23. I check my understanding when I come across conflicting information. 3
24, I tried to guess what the material is about when I read, 5
25. When the text becomes difficult I re read to increase my
understanding.
4
26. I ask myself questions I like to have answered in the text. 3
27. I check to see if my guesses about the texts are right or wrong. 4
28. I try to guess the meaning of unknown words or phrases. 5
Graph 16: MARSI inventory results.
95
5. CHAPTER FIVE

5.1 LIMITATIONS OF THE STUDY

Several constraints became apparent during the time this research project was carried out
and concluded. Not only were there constraints of time, logistics and resources, but also
institutional and personal limitations were evident as this research was under process.

In a study that uses pre- and post course data collection procedures to investigate the
effects of a teaching and learning course, one the most important factors that might hinder
the whole study is the students lack or regularity in attending course sessions, following a
schedule and taking pre and post course tests. This was particularly true of this study,
which was carried out in a real life context, where the subject had inconveniences and slight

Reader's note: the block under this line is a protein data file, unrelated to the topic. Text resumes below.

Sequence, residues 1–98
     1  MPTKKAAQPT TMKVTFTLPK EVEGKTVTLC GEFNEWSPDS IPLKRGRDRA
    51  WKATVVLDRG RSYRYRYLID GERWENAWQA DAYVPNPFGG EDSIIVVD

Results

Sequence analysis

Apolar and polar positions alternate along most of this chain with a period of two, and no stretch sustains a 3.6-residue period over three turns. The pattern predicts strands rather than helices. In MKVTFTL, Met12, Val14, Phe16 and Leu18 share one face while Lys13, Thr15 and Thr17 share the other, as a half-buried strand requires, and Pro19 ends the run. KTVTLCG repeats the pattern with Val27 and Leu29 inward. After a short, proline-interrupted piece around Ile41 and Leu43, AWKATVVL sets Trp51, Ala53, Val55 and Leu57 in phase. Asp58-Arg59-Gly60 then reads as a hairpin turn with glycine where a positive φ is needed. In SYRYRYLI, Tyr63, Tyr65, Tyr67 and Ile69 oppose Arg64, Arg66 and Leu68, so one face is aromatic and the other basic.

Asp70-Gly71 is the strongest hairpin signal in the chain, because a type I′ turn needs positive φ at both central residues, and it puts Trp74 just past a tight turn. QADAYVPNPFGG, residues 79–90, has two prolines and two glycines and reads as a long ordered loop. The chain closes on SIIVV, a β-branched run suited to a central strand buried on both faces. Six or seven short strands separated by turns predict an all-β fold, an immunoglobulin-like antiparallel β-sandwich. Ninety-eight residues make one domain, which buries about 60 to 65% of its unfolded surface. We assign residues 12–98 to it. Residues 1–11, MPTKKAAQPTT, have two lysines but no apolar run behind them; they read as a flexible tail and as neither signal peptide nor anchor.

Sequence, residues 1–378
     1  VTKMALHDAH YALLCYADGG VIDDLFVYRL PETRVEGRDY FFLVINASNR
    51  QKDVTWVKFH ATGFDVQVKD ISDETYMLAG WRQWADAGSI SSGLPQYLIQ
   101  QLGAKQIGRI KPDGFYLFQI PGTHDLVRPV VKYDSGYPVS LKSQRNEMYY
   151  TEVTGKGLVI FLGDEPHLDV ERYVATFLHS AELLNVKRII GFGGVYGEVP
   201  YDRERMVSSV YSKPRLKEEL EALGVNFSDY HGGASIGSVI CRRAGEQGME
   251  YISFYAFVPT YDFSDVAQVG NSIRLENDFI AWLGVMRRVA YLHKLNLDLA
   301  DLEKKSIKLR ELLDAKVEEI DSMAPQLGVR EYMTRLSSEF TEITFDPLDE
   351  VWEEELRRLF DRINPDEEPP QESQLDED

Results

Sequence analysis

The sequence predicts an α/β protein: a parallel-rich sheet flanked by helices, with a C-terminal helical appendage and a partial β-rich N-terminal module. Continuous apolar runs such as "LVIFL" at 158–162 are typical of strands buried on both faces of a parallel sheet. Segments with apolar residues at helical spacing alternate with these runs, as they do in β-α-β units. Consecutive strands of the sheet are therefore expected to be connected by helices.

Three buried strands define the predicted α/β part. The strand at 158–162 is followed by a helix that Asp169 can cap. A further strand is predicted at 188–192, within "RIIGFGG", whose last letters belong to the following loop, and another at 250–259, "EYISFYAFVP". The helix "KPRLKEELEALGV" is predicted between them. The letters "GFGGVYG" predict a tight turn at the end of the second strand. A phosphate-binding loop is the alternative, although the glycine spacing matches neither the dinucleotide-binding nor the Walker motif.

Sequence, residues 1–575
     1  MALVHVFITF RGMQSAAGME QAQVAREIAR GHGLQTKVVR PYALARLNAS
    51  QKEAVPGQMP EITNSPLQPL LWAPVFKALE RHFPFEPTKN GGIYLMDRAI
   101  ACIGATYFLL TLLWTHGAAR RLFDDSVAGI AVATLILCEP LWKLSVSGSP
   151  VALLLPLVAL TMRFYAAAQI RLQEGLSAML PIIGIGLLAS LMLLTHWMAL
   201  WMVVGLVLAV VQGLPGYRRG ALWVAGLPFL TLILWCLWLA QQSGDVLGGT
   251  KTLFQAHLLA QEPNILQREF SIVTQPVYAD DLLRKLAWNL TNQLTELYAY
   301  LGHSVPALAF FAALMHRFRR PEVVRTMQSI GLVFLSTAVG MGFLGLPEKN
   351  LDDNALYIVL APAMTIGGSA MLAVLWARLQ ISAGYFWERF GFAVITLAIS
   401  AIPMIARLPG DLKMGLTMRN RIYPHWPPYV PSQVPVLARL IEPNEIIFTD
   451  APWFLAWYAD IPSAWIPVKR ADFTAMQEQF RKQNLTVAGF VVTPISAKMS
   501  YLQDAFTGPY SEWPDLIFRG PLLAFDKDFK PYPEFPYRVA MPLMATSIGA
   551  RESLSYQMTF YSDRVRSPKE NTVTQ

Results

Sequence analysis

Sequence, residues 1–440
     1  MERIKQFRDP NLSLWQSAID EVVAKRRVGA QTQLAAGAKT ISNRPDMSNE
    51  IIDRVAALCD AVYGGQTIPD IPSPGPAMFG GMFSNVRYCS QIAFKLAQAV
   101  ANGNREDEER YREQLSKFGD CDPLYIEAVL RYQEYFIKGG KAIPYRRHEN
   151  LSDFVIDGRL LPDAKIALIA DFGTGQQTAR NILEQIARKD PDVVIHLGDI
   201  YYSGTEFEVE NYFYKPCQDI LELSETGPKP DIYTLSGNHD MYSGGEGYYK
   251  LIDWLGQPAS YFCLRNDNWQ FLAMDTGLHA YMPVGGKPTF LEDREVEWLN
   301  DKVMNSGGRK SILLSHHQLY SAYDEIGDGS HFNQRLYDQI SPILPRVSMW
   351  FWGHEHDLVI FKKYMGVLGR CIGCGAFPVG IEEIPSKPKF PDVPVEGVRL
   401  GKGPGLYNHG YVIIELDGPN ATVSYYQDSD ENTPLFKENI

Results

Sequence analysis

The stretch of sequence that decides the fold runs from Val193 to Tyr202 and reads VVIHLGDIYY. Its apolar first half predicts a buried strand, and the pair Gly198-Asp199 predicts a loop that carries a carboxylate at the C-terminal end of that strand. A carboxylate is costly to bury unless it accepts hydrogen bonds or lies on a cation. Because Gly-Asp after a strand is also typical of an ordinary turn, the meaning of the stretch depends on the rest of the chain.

changes had to be made during the week to accommodate the tutoring schedule.

Another limitation of this study was the lack of video taping. The subjects parents did not
permit the use of a video taping during the tutoring sessions, thus audio recording was the
only tool used. Another issue or concern was time, due to this limitation only twelve
reading strategies were introduced and practiced during the sessions. This twelve strategies
were chosen to limit the scope of the study, but it did not mean that these are the only
recommended reading strategies that can be used. In fact, there are a vast amount of
observable strategies that could be used and taught in a course. Perhaps this could call for a
new study. Hopefully future studies could provide a more complete picture of the relative
contribution of reading and metacognition strategies used in reading.





96
5.2 PEDAGOGICAL IMPLICATIONS OF THE STUDY